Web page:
In the interviewed households, a total of 7,408 women were identified, of whom 7,146 were successfully interviewed, yielding a response rate of 97 percent. With regard to the male survey results, 7,146 eligible men identified, of whom 6,500 were successfully interviewed, yielding a 91 percent response rate. The response rates are slightly lower in the urban than rural sample for women, and more markedly for men (88 percent compared with 94 percent).
The principal reason for non-response among eligible men was the failure to find individuals at home despite repeated visits to the household, followed by refusal to be interviewed. The substantially lower response rate for men reflects the more frequent and longer absence of men from the households.
Three questionnaires were used for the 2007 ZDHS. They are the Household Questionnaire, the Women’s Questionnaire, and the Men’s Questionnaire. These questionnaires were based on questionnaires developed for the MEASURE DHS programme and were adapted to reflect the population and health issues relevant to Zambia at a series of meetings with various stakeholders from government ministries and agencies, non-governmental organizations, and international donors. In addition to English, the questionnaires were translated into seven major local languages, Nyanja, Bemba, Kaonde, Lunda, Lozi, Tonga, and Luvale.
The Household Questionnaire was used to list all the usual members and visitors of selected households. Some basic information was collected on the characteristics of each person listed,including age, sex, education, and relationship to the head of the household. For children under age 18, survival status of the parents was determined. If a child in the household had a parent who was sick for more than three consecutive months in the 12 months preceding the survey or had a parent who had died, additional questions related to support for orphans and vulnerable children were asked. Additionally, if an adult in the household was sick for three or more consecutive months in the 12 months preceding the survey or an adult in the household died, questions were asked related to support for sick people or people who had died. The Household Questionnaire was also used to identify women and men who were eligible for the individual interview. In addition, the Household Questionnaire collected information about the dwelling, such as the source of water; type of toilet facilities; materials used to construct the house; ownership of various durable goods; and ownership and use of mosquito nets. The Household Questionnaire was also used to record height and weight measurements for children age 5-59 months and women age 15-49 years. Additionally, the Household Questionnaire included questions on malaria prevention as well as the information on the consent of eligible household members for the HIV and syphilis testing.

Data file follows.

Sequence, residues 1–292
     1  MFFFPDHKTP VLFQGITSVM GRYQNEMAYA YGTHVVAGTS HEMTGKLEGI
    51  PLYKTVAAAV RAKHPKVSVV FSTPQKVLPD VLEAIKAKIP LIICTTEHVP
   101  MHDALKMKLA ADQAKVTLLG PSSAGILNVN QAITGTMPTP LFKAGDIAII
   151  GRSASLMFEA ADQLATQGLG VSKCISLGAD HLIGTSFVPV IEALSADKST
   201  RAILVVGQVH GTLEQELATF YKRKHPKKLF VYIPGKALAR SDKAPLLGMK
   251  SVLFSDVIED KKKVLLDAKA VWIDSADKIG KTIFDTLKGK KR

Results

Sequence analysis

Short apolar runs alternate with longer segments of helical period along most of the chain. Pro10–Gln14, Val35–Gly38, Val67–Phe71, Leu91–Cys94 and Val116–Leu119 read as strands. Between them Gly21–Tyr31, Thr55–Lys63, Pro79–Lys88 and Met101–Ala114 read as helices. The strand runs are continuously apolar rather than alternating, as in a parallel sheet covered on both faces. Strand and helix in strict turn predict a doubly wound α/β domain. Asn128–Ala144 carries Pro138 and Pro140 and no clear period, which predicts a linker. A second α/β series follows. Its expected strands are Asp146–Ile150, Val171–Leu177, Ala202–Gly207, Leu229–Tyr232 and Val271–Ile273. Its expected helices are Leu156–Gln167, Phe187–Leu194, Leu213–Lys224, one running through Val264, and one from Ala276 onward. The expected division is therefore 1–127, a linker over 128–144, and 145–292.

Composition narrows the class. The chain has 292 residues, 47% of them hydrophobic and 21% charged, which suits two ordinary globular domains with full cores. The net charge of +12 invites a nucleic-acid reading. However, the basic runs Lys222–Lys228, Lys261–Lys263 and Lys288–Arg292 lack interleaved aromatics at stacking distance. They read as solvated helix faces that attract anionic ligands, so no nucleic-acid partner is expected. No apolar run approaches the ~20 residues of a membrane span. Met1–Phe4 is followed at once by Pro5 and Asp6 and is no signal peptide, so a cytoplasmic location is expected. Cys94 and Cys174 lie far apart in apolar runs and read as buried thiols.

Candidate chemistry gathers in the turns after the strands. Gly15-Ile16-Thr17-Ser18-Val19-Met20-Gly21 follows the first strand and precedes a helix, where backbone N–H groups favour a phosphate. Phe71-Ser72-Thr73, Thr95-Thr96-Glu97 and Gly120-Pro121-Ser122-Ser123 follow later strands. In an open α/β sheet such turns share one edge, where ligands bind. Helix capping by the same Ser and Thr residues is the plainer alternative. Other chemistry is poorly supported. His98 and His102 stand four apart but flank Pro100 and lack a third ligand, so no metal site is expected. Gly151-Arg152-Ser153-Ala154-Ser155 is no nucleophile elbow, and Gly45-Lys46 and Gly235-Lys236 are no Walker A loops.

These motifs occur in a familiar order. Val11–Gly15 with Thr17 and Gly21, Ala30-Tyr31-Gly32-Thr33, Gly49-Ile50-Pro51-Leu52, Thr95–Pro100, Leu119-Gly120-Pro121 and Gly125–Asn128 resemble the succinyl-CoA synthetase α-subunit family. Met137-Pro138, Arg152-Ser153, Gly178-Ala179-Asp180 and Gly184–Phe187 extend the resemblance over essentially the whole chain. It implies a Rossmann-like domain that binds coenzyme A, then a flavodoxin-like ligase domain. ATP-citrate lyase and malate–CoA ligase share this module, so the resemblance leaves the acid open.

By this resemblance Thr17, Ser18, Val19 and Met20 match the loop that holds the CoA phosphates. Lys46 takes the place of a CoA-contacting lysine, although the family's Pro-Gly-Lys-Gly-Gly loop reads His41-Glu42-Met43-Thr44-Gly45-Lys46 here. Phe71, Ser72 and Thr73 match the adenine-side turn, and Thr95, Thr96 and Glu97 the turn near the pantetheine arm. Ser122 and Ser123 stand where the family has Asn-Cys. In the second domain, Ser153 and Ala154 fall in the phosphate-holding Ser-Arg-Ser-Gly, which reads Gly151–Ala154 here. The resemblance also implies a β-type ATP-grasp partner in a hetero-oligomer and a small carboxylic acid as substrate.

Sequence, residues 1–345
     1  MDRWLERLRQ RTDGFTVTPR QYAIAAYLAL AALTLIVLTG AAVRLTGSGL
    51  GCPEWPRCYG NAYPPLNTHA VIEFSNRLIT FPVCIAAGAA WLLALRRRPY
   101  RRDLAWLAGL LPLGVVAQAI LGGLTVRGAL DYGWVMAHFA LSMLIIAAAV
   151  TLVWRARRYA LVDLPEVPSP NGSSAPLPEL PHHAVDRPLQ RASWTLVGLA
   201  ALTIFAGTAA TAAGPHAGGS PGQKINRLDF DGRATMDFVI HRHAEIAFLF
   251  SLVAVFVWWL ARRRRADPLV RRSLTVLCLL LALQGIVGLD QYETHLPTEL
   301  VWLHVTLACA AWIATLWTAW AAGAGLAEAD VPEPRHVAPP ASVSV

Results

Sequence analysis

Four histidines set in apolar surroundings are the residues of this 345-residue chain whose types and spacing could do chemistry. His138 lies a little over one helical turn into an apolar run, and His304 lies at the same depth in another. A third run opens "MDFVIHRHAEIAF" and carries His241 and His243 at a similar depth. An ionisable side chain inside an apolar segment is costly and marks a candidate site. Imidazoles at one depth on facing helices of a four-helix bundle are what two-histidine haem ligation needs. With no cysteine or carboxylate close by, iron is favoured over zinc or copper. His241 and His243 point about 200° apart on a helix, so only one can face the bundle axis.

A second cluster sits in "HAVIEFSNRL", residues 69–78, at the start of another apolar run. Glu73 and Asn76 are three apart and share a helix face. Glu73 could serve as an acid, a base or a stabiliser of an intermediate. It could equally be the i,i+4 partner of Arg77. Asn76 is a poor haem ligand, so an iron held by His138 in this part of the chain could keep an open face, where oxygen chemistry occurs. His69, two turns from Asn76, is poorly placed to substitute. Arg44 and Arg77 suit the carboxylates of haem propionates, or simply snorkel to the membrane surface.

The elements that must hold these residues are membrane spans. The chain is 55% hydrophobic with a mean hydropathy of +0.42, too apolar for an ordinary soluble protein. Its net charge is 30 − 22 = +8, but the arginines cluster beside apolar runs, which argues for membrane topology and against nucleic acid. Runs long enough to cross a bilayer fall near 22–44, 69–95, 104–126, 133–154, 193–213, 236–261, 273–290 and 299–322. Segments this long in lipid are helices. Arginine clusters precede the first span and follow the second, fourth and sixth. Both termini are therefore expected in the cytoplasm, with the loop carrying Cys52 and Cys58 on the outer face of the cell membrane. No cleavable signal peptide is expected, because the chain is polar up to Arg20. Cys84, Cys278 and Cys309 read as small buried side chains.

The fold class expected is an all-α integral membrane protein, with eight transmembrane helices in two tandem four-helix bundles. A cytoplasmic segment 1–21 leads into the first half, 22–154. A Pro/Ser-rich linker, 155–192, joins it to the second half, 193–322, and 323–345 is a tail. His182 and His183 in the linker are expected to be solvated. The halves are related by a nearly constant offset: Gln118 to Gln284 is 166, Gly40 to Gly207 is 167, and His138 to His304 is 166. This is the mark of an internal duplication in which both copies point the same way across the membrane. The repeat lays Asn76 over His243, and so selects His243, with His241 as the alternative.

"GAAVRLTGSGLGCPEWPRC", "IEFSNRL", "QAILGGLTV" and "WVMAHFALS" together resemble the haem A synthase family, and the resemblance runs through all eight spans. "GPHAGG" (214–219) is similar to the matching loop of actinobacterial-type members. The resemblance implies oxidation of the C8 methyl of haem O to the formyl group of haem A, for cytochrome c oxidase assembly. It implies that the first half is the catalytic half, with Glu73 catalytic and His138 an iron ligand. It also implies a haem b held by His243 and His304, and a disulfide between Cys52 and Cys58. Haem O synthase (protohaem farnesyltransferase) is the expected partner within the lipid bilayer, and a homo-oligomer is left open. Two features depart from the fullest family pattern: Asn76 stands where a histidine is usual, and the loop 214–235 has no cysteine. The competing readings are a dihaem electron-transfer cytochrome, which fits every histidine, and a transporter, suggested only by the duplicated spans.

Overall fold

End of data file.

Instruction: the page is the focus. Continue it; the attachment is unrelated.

The Women’s Questionnaire was used to collect information from all women age 15-49. These women were asked questions on the following main topics:
Background characteristics (education, residential history, media exposure, etc.)
Birth history and childhood mortality
Knowledge and use of family planning methods
Antenatal and delivery care
Breastfeeding and infant feeding practices
Vaccinations and childhood illnesses
Marriage and sexual activity
Women’s work and husband’s background characteristics
Women’s and children’s nutritional status
Malaria prevention and treatment
Awareness and behaviour regarding HIV and other STIs
Adult mortality including maternal mortality
The Men’s Questionnaire was administered to all men age 15-59 in each household in the 2007 ZDHS sample. The Men’s Questionnaire collected much of the same information found in the Women’s Questionnaire, but was shorter because it did not contain a detailed reproductive history or questions on maternal and child health or nutrition.
Dates of Data Collection
Data Collection Notes
TRAINING OF FIELD STAFF
CSO recruited and trained 122 people for the fieldwork to serve as supervisors, field editors, male and female interviewers, and reserve interviewers. Training of field staff for the main survey was conducted during February 2007. The training course consisted of instruction regarding interviewing techniques and field procedures, a detailed review of items on the questionnaires, instruction and practice in weighing and measuring children, mock interviews between participants in the classroom, and practice interviews with real respondents in areas outside the 2007 ZDHS sample clusters. Field practice in syphilis testing and HIV DBS specimen collection was also conducted. During this period, field editors and team supervisors were provided with additional training in methods of field editing, data quality control procedures, and fieldwork coordination. Twelve supervisors, 12 editors, 36 female interviewers, and 36 male interviewers were selected to make up 12 data collection teams for the 2007 ZDHS.